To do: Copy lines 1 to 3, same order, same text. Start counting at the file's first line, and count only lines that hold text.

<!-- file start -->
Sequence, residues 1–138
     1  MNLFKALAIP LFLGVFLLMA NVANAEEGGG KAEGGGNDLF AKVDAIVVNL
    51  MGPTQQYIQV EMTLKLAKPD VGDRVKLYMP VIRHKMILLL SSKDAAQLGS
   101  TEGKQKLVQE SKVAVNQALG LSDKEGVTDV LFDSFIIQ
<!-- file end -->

Sequence, residues 1–138
     1  MNLFKALAIP LFLGVFLLMA NVANAEEGGG KAEGGGNDLF AKVDAIVVNL
    51  MGPTQQYIQV EMTLKLAKPD VGDRVKLYMP VIRHKMILLL SSKDAAQLGS